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IN DEPTH: SMALL BUSINESS
From the January 7, 2005 print edition

Opportunities for success and failure in Asia

  (Online source: http://portland.bizjournals.com/portland/stories/2005/01/10/focus3.html)

Asia is home to two of the World's fastest growing economies: China and India, each with more than 1 billion in population. Asia, however, is much more than either of these countries with large trading partners like Japan, Korea, Taiwan and increasingly Southeast Asia (home to over 500 million) continuing to develop their economies and trade possibilities. Additionally, many of the trade barriers such as high import tariffs are disappearing or being greatly reduced throughout the region. Asia is currently the site of the World's most active Free Trade Agreement environment with Thailand and Singapore both noted for their recent rapid progress in this area and now with China a significant player in the field as well.
Portland and the Northwest economically have come through very tough times. Managers have had to look long and hard at all costs and to develop creative ways to stay competitive. Despite this and the fact that Oregon and Washington State are closer to Asia than is most of the nation, many Northwest companies, especially small companies, have not taken advantage as fully as larger firms of the lower sourcing potential that Asia can offer.

Although our firm only counsels companies to look and to move jobs off shore as a last resort, often times some functions must be moved if the company is to continue to compete effectively and if jobs are to be saved here. It is with this thought that many managers and business owners approach us and in which we try to help them through our free website at www.business-in-asia.com and through our for fee consulting business.

Companies considering sourcing in Asia for the first time should heed the following advice.

Do your homework. Internet sites can help you learn more about Asia and about sourcing opportunities.

Sourcing, like any other skill, is something that is possible for all but it may be more cost-effective for you to hire someone to do the initial research as they may do this more often, have greater contacts and experience and be able to give you a more comprehensive report to work with. Therefore think about whether this is something you feel comfortable with doing and have the time to accomplish.

Sourcing need not be expensive but does involve effort, so be prepared to invest the time or pay accordingly. We and many other sourcing specialists can provide a simple sourcing report with a list of 5 or 6 potential qualified companies for well under $2,000. For this you should get company names and contact information, information on the number of employees, years in business, list of previous sales and much other relevant information.

Using a trade consultant, just as using an attorney or other professional, should follow a well thought-out process. First, you need to consider what you want to accomplish. Second, if you are going to consider hiring someone to assist you, take the time to complete a written scope of work -- this need not be long, one page or so is sufficient -- as to what you want to accomplish, what issues are most important to you and how broad or how narrow you want to make your search (for example, only Chinese companies, all Asian companies, only companies in a certain region, etc.)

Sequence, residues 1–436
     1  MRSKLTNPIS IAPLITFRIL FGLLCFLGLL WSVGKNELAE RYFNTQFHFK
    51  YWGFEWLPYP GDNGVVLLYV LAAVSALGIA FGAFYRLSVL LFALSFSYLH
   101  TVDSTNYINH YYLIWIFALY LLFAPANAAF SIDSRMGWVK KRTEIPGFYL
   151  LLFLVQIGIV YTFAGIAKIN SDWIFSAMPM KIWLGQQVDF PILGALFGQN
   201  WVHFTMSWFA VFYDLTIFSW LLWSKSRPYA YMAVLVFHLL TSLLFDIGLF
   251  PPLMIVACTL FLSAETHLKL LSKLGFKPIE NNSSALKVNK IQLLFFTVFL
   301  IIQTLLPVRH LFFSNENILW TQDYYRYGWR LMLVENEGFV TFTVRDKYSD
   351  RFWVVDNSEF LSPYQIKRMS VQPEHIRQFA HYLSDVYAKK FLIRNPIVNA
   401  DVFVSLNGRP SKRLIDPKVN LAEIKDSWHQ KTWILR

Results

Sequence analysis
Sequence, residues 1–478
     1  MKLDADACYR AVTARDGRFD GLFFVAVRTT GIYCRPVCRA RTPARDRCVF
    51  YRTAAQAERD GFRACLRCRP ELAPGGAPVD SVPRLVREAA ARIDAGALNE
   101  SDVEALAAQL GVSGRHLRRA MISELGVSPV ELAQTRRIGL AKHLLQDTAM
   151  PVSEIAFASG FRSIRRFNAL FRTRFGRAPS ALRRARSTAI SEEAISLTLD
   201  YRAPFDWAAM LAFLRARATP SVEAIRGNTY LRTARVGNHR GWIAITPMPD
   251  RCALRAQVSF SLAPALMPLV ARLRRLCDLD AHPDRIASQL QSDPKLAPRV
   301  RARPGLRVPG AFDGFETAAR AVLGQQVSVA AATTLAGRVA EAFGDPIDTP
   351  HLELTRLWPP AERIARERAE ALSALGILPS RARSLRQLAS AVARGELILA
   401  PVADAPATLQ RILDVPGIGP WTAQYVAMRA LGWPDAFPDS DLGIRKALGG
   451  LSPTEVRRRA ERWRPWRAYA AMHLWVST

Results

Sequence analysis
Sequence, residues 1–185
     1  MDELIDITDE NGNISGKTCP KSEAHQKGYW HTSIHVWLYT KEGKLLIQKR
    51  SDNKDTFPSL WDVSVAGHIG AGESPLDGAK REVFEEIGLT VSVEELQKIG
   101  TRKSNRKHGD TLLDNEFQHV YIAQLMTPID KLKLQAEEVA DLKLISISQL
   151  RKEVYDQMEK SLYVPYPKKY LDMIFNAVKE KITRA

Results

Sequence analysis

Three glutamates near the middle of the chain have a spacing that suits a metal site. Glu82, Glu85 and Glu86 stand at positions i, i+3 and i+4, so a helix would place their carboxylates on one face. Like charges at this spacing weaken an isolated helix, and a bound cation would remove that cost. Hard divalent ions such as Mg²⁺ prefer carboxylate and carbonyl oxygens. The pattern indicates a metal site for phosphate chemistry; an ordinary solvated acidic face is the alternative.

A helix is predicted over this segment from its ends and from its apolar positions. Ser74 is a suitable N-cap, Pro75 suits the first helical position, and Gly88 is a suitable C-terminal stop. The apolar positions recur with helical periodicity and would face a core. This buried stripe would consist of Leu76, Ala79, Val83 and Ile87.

Talk to more than one sourcing specialist. For the relationship to work, trust and a good professional and personal relationship greatly simplifies communication and increases the chances of success. Your consultant should be willing to sign a non-disclosure agreement with you in advance of any talks and to discuss your requirements in an initial consultation, then give you a written quotation noting what work is to be performed, the time period, fee, terms of payment, governing law and other critical elements of the agreement.

All consultants aren't created equal. Get the right tool for the job. Any honest firm doing sourcing or market research work in Asia should be able to tell you where they have worked in the past, to give you references and to note areas where they have had success.

No firm is equally good throughout the region. Our firm for example has had excellent results in Thailand, Vietnam and parts of China, but will be the first to tell you that we are weak in Indonesia, the Philippines and Japan.

Even in China, no firm is equally good throughout such a large country. In the south of China, Portland companies like eBI have experience, connections and have had much success. In the north of China, other names locally would come to mind. Also, some companies are good in a particular sub sector, for example, our company has had good results in injection plastic molds and items, leather and textiles, jewelry and stamped metal items but has done little work in oil and gas, chemicals, microprocessors or high-tech manufacturing.

Use your sourcing specialist wisely. Generally the more time involved for your sourcing specialist, the more he or she will charge. Think clearly in advance whether you need help with just the initial targeting of companies or something more.

Lastly don't underestimate yourself. Last year, thousands of companies sourced products in Asia for the first time. Most of them will tell you it was a challenging but mind-opening experience. You can do this.

Christopher W. Runckel is president of Runckel & Associates, a Portland-based international business consulting firm focused on Asia. He can be reached at (503) 244-4551 or at crunckel@business-in-asia.com.

© 2005 American City Business Journals Inc.
 
(Online source: http://portland.bizjournals.com/portland/stories/2005/01/10/focus3.html)



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